Family Dinners and Emotion Regulation (Part 1)

June 7, 2021

This feature by Alexander Chapman, PhD, R.Psych is Part 1 of 2 in a series about emotion regulation. In this first part, Alex begins his narrative about DBT emotion regulation skills use in the context of family dinners in his household.

In the following blog, I discuss the use of DBT emotion regulation skills and some mindfulness and distress tolerance skills to deal with a painful event that occurs daily in my household: Family dinners.

Our Family Dinners

Before my wife and I had kids, we predicted that family dinners would be a fulfilling experience, replete with emotional connection and bonding. We decided early on that we would all sit down consistently every evening for dinner. I had envisioned the four of us enjoying the magnificent meal I had cooked, chatting away enthusiastically about our days, discussing current events, sharing opinions and parental advice and wisdom with eager and receptive children, and feeling a warm glow of family connection throughout the experience.

This idealized vision couldn’t have been further from the truth. Our two sons are teenagers now, and we still sit down together for every dinner, but that’s about the only way in which my naive vision matches reality. It usually goes as follows: I spend an hour or two making a delicious dinner, my wife and I sit down at the table and wait for the boys (who are in their rooms with the lights off and blinds closed, headphones on, glued to their various electronic devices), to arrive. We try to talk, our conversation intermittently interrupted by efforts to remind, cajole, and threaten the boys with extra chores if they don’t come soon.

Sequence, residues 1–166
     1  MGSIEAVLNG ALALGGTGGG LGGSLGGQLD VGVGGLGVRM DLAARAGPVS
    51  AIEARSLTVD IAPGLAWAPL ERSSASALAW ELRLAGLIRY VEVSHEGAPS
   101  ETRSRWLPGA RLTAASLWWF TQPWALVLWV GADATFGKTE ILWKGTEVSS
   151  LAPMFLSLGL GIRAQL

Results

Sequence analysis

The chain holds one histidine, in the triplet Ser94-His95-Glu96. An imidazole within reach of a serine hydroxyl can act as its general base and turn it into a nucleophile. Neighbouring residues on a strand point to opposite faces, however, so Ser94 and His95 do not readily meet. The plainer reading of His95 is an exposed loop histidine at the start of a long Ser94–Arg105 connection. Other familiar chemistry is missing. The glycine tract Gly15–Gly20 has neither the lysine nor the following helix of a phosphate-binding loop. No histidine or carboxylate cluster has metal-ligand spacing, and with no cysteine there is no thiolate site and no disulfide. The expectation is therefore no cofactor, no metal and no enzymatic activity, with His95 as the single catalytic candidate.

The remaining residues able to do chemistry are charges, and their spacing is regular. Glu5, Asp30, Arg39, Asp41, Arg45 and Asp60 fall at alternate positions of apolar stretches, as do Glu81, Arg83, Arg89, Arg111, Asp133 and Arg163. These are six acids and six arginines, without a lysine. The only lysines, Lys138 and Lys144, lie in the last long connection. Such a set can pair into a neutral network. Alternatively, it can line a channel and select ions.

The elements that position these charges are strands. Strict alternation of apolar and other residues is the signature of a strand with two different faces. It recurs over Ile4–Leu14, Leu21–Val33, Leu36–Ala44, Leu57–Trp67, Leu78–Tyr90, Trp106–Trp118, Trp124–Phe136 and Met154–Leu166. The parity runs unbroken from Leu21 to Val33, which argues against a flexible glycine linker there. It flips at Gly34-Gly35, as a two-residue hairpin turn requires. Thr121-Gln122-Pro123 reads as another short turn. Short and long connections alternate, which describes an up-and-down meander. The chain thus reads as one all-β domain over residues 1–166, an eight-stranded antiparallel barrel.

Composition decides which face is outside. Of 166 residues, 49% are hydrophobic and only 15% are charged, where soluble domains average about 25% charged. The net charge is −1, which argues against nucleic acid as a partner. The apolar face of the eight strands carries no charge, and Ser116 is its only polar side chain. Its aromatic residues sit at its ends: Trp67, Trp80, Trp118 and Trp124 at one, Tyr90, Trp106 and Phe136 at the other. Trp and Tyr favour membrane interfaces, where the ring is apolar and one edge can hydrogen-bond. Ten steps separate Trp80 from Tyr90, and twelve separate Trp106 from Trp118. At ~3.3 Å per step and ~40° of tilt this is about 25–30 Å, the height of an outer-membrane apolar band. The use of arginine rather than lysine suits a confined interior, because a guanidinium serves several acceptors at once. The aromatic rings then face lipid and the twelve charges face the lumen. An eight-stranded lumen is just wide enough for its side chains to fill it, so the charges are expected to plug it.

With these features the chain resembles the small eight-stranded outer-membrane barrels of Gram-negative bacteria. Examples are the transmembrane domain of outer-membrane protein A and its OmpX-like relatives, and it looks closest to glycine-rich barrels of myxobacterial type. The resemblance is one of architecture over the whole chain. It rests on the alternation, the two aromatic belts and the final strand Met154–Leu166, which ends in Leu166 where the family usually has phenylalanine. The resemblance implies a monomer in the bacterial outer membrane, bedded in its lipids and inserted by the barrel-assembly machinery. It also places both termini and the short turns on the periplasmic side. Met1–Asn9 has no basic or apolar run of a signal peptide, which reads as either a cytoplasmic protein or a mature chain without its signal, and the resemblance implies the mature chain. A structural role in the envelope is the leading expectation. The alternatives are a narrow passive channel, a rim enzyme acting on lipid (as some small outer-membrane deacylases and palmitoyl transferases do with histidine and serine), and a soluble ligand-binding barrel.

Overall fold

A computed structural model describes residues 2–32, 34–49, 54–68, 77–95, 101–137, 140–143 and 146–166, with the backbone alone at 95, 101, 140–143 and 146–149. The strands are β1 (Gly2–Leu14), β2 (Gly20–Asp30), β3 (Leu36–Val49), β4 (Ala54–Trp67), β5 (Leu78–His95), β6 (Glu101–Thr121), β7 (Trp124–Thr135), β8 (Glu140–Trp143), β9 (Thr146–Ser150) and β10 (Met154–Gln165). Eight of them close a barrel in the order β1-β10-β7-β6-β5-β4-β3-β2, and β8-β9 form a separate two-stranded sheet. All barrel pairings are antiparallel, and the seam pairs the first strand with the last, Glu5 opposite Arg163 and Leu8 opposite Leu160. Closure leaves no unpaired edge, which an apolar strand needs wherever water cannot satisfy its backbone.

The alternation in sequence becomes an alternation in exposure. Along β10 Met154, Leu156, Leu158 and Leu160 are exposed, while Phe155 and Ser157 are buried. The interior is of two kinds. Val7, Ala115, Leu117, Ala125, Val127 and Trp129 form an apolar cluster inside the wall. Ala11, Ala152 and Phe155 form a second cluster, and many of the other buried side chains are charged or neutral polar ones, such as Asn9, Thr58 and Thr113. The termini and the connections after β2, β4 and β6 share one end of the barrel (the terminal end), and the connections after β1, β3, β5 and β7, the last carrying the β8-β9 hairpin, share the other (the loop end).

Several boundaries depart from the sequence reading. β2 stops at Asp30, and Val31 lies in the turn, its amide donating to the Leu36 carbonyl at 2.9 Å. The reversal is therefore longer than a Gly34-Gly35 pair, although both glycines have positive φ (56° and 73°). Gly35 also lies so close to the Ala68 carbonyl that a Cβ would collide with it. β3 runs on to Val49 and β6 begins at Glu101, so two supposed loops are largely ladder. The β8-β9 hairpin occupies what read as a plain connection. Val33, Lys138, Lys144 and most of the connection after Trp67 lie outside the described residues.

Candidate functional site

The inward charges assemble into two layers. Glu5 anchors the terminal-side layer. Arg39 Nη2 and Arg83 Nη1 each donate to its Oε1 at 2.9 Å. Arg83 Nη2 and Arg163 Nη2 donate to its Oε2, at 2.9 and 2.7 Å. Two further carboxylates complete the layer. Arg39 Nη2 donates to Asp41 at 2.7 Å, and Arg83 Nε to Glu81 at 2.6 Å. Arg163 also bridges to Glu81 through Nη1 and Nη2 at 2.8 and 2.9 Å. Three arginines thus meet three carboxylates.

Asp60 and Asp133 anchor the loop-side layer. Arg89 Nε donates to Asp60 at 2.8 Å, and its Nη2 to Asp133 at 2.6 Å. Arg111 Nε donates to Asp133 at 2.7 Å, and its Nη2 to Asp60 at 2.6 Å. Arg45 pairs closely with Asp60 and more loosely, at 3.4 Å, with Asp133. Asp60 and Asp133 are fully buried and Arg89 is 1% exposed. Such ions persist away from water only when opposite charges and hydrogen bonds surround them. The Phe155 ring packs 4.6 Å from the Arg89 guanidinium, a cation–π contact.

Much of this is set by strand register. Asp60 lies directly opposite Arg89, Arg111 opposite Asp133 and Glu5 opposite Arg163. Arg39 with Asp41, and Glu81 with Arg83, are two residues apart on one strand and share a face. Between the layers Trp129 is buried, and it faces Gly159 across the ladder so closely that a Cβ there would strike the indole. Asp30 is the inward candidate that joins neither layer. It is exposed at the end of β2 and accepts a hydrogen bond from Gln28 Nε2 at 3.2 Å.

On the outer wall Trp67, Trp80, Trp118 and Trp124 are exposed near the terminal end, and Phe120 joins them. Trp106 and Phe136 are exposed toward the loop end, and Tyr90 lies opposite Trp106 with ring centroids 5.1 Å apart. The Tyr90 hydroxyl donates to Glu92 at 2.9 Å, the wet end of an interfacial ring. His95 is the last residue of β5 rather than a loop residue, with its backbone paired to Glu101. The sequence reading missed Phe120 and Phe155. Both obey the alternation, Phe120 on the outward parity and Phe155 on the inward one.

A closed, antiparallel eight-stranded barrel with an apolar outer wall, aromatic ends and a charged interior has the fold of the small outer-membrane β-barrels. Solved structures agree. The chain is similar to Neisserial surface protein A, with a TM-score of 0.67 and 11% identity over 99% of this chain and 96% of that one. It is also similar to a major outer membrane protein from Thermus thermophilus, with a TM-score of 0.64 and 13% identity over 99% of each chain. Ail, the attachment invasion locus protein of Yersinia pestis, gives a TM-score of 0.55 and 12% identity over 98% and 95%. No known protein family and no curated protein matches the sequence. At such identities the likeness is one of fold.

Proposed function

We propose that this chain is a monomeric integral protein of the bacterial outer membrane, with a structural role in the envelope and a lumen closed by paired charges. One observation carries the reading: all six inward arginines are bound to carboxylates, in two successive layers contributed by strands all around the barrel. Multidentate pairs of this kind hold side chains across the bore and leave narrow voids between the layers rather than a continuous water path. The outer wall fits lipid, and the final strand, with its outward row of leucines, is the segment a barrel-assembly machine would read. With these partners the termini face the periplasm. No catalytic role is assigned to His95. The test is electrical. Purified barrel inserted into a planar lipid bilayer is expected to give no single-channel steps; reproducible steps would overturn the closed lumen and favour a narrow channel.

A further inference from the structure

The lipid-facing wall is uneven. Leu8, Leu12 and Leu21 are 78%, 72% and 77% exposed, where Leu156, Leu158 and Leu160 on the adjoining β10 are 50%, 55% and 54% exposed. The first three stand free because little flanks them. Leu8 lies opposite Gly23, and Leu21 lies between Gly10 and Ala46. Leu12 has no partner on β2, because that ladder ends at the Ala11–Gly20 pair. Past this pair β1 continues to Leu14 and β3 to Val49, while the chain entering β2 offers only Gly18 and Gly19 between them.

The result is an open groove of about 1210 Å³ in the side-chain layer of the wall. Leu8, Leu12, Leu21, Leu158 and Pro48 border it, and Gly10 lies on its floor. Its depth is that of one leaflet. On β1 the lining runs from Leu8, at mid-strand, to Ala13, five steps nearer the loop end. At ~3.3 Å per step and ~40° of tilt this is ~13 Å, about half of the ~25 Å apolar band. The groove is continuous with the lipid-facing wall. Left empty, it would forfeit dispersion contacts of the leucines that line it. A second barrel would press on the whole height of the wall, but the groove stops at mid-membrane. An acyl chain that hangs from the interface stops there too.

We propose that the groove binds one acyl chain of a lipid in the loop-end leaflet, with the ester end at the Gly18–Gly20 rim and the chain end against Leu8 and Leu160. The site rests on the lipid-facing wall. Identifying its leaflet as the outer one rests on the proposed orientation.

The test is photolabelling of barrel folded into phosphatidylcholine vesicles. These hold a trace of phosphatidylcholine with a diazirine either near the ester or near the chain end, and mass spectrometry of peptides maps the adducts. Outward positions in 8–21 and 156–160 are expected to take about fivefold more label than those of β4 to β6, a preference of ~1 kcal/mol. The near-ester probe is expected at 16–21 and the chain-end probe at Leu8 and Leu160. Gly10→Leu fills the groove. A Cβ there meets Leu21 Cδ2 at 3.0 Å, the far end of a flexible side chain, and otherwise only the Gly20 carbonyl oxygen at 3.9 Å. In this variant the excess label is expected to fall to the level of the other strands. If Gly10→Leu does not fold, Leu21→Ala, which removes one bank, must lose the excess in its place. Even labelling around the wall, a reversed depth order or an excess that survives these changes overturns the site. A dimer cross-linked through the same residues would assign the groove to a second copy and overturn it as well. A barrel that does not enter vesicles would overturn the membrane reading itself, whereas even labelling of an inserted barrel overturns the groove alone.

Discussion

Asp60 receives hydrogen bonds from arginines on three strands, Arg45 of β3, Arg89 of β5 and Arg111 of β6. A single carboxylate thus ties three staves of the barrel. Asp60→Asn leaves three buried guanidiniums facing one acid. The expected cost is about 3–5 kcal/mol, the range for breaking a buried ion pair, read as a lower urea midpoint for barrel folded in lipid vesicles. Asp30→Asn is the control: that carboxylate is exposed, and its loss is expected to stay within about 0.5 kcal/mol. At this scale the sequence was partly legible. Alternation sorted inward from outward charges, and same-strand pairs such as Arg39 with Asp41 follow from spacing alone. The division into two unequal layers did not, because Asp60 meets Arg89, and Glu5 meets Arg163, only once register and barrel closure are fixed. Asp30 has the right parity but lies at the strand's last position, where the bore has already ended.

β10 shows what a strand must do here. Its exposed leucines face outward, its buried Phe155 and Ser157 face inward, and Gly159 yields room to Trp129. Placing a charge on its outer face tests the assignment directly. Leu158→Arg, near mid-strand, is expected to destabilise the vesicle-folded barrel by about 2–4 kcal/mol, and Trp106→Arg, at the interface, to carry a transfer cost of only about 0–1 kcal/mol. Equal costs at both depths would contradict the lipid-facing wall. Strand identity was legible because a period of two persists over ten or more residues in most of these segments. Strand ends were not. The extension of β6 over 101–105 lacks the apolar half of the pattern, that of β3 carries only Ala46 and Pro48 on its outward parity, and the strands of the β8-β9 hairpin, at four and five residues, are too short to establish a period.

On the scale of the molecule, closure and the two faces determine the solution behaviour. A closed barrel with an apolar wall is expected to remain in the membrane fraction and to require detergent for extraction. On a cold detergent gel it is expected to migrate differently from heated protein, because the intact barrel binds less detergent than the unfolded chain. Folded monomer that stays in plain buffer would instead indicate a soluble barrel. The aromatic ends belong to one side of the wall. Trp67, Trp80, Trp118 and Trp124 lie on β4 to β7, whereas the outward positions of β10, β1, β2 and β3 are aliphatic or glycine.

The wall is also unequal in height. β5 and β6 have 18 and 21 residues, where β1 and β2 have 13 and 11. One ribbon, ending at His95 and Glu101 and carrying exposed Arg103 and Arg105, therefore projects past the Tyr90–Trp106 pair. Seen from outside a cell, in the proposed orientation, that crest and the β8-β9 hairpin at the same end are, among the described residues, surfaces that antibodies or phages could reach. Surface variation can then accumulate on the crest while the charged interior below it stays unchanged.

They finally arrive after about 5 to 15 minutes, and then the magic happens. My older son asks what’s for dinner and then sits and stares at his food or goes into the kitchen to make himself something else. My younger son eats so quickly that he’s done in 5 minutes and races back upstairs to his room. When we manage to keep him at the table, we ask how his day was at school, and he either says nothing or utters some kind of nonsense syllable or made up word (and no, he’s not psychotic and does not have neurological impairment). My older son says, “Fine, I don’t wanna talk about it!” I ask how his best friend is doing these days, and he looks at me and says, “That’s a weird question. Why are you asking that?” We try to strike up a conversation about current events, and one of my sons goes on a tirade, interrupting the rest of us and espousing values that are diametrically opposed to ours. It feels like we’re having dinner with a certain former U.S. president. Once dinner is thankfully over, my wife and I are shellshocked and wondering how on earth we produced people like this!

As painful as these dinners can be, they also present an opportunity for me to practice the DBT emotion regulation skills that I have been teaching clinicians and clients for many years. Indeed, the universe has given me the gift of an intense, disturbing, daily opportunity to exercise my emotion regulation muscles. Just as I would advise a client, my first step is usually to use the skill of mindfulness of current emotion to step back from and try to understand what emotions I’m feeling while I sit there at the dinner table.